In the late fifties, the editor thought that the Sherman brothers songwriting team, famous for the pop standard "You're Sixteen," would be great for scoring Disney features. Disney shortly picked them up for "Mary Poppins" and many other films. We mourned the passing of Walt Disney in 1966, but had pressed the company to continue Walt's work down in Florida, which became the very successful Walt Disney World (DIS' 'n' DAT was also denied press passes to opening day ceremonies).

In the late seventies, we lamented the long delays between releases of new animated features, and in the early 80's we suggested that they hire a new CEO, with the qualifications of a man like Michael Eisner. They did, and the Disney organization is thriving under his leadership, opening new Disney parks in Tokyo and France (and again, never once saying thank you by giving press passes to DIS' 'n' DAT). We persevered, and we made mention of a couple of promising composers on Broadway named Howard Ashman and Alan Menken. Afterwards, they were picked by the Disney organization to write the songs and score for Academy Award winning The Little Mermaid and Beauty and the Beast. The animation department is also ramping up to provide one or more animated features to be released every year.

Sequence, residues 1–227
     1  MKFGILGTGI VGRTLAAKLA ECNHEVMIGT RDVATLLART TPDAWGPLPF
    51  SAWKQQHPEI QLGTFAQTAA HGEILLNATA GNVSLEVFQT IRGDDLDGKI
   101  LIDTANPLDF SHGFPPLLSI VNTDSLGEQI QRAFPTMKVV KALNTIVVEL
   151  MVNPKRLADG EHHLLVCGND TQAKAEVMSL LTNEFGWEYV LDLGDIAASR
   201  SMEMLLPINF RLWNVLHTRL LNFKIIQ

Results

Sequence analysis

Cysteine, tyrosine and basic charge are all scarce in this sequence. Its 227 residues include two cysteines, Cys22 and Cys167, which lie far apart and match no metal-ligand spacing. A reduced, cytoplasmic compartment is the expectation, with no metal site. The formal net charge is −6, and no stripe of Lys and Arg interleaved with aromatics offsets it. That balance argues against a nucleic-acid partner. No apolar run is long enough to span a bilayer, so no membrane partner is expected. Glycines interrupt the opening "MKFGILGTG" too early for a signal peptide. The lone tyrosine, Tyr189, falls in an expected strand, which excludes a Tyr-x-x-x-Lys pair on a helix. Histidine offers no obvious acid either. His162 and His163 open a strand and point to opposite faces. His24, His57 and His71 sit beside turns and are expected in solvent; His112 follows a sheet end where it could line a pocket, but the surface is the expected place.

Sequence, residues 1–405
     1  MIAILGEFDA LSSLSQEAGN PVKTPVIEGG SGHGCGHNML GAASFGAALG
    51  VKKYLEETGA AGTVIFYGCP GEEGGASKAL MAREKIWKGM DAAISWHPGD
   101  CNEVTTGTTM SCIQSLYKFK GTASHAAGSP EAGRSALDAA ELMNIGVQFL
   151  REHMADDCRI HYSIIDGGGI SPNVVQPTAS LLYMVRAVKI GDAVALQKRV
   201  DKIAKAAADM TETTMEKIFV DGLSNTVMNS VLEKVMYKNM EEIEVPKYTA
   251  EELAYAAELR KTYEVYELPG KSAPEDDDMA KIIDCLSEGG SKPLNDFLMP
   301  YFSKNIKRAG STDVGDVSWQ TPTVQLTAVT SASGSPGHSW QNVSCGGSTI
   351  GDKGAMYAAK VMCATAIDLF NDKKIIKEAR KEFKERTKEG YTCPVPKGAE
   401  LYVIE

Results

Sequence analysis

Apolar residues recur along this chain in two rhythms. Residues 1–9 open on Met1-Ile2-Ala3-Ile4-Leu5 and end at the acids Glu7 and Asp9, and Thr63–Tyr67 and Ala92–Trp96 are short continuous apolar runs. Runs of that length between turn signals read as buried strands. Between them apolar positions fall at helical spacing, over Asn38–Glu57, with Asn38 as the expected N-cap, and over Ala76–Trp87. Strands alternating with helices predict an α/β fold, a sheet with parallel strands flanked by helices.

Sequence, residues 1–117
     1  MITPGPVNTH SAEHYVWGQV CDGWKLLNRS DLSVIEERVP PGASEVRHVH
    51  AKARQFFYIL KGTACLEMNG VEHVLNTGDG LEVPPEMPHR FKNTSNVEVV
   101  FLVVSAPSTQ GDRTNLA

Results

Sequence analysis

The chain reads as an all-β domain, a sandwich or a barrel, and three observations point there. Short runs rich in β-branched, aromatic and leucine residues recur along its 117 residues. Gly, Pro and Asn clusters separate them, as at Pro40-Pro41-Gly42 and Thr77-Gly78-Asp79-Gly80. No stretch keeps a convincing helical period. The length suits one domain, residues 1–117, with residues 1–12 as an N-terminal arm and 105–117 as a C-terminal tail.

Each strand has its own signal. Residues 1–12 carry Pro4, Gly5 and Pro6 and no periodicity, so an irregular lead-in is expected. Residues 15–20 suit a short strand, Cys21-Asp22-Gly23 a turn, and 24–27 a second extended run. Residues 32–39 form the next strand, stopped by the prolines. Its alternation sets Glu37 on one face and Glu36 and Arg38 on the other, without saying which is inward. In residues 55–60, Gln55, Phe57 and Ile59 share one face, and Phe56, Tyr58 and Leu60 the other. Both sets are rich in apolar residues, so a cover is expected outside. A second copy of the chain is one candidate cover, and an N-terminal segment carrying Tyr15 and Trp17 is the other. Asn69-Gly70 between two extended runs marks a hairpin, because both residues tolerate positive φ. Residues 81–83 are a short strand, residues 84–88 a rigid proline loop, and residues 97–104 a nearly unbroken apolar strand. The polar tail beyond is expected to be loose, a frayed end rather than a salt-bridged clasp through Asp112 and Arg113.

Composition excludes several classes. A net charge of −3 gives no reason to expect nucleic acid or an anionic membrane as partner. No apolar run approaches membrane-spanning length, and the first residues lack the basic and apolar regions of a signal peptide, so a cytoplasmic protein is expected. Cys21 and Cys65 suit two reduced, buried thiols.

Note that in April 1993, due to a bug in the issue numbering software, the counters all reset to one. At that time, the DIS' 'n' DAT newsletter found a permanent home in rec.arts.disney, and the newsletter continues to live up to its credo... "All Disney news fitted to print."

And, we know that somewhere, somehow, someone at the Disney organization is keeping a close eye on it...

FDC Time Capsule: Movies and Television

In a not so surprising move, FDC CEO Sean Squier has formally announced plans for making the lukewarmly anticipated installment of "The Mighty Ducks" would be abandoned. This move, announced at a past Disney Shareholders meeting, puts to rest one of the industry's longest running numbered series (only the James Bond 007 series has more entries). Michael Eisner, the former Disney CEO, had been a rabid hockey fan and had been personally responsible for the long running series of films, which received lukewarm reception at the box office.